Festivus is nigh and so is the tolerance limit of what I can handle this holiday season. This article is long overdue in so many ways both literal and metaphorical, but it’s here now so shut your figgy pudding hole and enjoy this airing of grievances. Happy holidays.
1. “Lovecraft Country” was amazing and deserved a lot better from HBO.
2. Brainstorming and drafting is so much easier than revising and polishing.
3. Rory Gilmore is the worst. (NOTE FROM THE EDITOR: The Pipeline Artists staff would like to debate this point ...)
4. Getting a formal ADHD diagnoses didn’t really change anything externally. But internally, I know what life, writing, and existing hacks to look for now.
5. Jim Halpert is the actual worst.
6. Writing on ink and paper results in better content and prose for me, but it’s exhausting because it’s slow AF. The problem is, my brain is going too fast for my writing muscles to keep up. Plus I cannot read my own handwriting. But I do it anyway because if it was that good, I will remember it when I go to type it up. Probably.
7. Mustard is the devil incarnate, and I don’t let the bottle touch anything else in my fridge. Also, mayonnaise.
8. I would rather revise someone else’s entire manuscript than one page of my own.
9. Ross Geller is the worst character on “Friends” but David Schwimmer is the best actor on the show—head and shoulders above the rest. Except for Maggie Wheeler.
10. Getting a note from an editor that there is “infodumping” in my writing doesn’t mean that I suck. It just means that my story is ready for the next layer of fine-tuning. There’s nothing to fix, because there’s nothing inherently wrong with this. It’s just showing the reader the true age of the story—it’s young.
11. Some days, trying to function while working through trauma feels like a full-time job. But contrary to what I’ve thought about myself for the past few dozen years, I am not a lazy person. I’m just coping. And that takes up a lot of physical, mental, and emotional bandwidth.
12. I am also lazy. But I am very proud of this. It makes me a very creative person because I get inventive about shortcuts and how to bundle my energy.
13. If it drives faster than a horse can run, it’s too fast. If we were meant to be anywhere that quickly, we’d have an exhaust pipe coming out of our butts.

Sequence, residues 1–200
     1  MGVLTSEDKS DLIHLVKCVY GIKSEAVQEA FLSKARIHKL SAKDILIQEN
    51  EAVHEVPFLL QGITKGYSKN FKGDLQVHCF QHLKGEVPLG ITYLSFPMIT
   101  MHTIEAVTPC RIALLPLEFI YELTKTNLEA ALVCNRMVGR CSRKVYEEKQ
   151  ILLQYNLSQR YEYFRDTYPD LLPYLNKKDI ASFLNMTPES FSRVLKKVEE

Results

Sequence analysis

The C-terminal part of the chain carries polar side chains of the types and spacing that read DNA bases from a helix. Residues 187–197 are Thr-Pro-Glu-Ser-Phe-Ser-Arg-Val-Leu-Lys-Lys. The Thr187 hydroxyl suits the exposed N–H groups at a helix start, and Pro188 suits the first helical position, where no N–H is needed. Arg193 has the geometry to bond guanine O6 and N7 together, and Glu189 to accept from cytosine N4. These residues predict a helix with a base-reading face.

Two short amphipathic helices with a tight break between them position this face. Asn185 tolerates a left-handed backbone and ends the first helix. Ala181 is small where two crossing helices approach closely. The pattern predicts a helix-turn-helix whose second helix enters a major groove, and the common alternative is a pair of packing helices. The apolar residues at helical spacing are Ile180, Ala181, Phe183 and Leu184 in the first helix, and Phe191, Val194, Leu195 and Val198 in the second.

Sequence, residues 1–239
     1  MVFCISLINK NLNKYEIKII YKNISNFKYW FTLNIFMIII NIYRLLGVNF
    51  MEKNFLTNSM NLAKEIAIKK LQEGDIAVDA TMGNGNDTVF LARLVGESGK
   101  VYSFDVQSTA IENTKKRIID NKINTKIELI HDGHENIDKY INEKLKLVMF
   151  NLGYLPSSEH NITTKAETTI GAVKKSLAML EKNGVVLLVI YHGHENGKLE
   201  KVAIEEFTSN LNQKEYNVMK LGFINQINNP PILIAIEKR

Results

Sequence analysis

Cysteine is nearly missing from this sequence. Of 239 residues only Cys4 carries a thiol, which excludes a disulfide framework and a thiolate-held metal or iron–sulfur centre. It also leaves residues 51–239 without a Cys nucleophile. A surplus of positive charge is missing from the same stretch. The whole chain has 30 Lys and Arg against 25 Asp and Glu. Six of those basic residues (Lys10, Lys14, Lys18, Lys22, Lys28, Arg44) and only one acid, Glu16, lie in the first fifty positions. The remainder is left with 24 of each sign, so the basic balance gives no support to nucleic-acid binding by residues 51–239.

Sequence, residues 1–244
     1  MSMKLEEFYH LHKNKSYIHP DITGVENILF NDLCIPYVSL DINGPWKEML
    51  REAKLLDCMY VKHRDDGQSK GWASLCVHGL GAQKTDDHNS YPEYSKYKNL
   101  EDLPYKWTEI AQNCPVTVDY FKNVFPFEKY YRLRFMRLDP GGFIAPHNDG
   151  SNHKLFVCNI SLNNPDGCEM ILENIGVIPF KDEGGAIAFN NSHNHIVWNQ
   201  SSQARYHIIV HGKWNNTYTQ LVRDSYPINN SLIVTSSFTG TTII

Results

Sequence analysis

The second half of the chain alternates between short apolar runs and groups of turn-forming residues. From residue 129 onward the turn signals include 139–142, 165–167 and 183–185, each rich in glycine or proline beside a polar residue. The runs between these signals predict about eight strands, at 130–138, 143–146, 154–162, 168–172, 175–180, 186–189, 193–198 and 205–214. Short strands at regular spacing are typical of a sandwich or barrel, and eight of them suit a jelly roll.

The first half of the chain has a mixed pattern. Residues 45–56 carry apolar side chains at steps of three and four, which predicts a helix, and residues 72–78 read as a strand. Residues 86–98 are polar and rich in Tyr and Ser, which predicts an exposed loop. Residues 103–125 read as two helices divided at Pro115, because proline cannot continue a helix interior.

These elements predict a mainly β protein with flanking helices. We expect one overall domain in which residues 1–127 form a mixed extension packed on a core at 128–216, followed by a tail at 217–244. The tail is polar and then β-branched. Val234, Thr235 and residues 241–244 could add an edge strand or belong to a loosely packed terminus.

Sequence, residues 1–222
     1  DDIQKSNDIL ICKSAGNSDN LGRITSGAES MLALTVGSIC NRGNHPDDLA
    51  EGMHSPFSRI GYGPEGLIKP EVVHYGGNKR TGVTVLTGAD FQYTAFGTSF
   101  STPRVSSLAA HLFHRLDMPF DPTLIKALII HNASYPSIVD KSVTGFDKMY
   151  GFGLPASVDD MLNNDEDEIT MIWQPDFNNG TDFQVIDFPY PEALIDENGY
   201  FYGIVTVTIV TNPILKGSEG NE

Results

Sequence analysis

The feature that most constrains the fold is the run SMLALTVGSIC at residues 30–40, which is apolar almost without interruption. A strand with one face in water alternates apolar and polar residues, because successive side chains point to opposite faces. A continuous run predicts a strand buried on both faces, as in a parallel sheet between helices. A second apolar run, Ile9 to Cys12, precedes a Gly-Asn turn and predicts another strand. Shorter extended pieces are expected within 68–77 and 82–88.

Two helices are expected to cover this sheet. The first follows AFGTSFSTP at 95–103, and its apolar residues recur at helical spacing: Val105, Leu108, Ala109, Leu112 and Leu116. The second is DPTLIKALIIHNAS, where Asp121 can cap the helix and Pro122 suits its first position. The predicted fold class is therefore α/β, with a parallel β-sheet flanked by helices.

14. Backstory is REALLY helpful in early iterations of drafting when my story is just starting to reveal itself to me, but after a while—it’s like keeping scaffolding on a new building even after it’s built. Or training wheels. That might be a better metaphor. Sure, training wheels match the frame of your ten-speed but it doesn’t mean they are helpful or necessary. If an editor finds “backstory” in my manuscript, this just means it is ready for the next revision. Again, there’s nothing “wrong” or “bad,” it just doesn’t belong on the page anymore.
15. Brainstorming, drafting, and revising are different AF. Brainstorming is deciding on a recipe and/or shopping for/stealing ingredients. Drafting is putting stuff in the mixer and adding spices and preheating the oven or whatever. Revising is knowing when to take it out of the oven, letting it cool FULLY, and then decorating it with frosting. Proofreading is the sprinkles on the very top, except that you’re severely allergic to sprinkles and want to cry anytime you have to touch them.
16. I will put my clean laundry away, but I refuse to fold it. Bunch, bundle, and shove FTW.
17. Drafting my novel in the wrong POV is annoying AF but it is not a crime. This helped.
18. Yes, Jack and Rose could have both literally fit on the floating door but that doesn’t mean they both would have survived hypothermic shock. It’s basic wilderness survival. Let’s say every human has 100 units of “warmth” but needs only 75 units to survive. Given that they were both already treading water in the FREAKING ATLANTIC OCEAN, they would have both lost their pinching reflexes by the time they found the floating door at which point they were each down to, say, 50 units of warmth. And by getting up out of the water and onto the door, Rose got an +25 units of warmth. However if Jack had ALSO gotten on and STAYED on the door, they would have had to split those remaining 25 units so, 12.5 each or whatever, which puts them both at MAYBE 63.5 units of warmth and they both would have died. Don’t @ me. Don’t check my math.
19. Getting a note that I have “POV-jumping” in my manuscript is not the end of the world. It might not be a quick fix, but it is a simple one. Seeing this visual from The Balance was my ah-ha moment to help me realize this was tripping me up in my own writing.
20. Dwight Schrute is the Nellie Oleson of Scranton, Pennsylvania.
21. Our new puppy’s bowels have no respect for our rugs, but he rings the backdoor potty-bell AFTER he takes a dump inside, and I love him even more because of it. His name is Owen.
22. Starting my story “too soon” just means that too much of my story is showing. The content might be BEAUTIFULLY written, but it doesn’t mean it’s helpful. Easiest fix: Delete the first few paragraphs or chapters or whatever it takes to start in a “better” spot.
23. It’s a Wonderful Life is a horrible movie. It’s dark and weird and entitled and depressing, and I have always hated it. Ditto A Christmas Story. I think it’s the forced-sentiment that irks me. There’s also a lot of not-so-thinly-veiled emotional abuse in all of it.
24. Writing a synopsis suuuuuucks. Nobody likes writing these boring effers. Even people who like writing them don’t like writing them. Why? Because we spend how many weeks, months, years of our life showing-not-telling and what do we need to do in a synopsis? TELL, TELL, TELL. It’s so freaking counterintuitive. But the minute I accepted that it’s just a hoop I need to jump through, the easier it was to hate it a little less. As long as it’s not mine, I kind of love reading other people's synopses.
*Feature Image from Erica Davis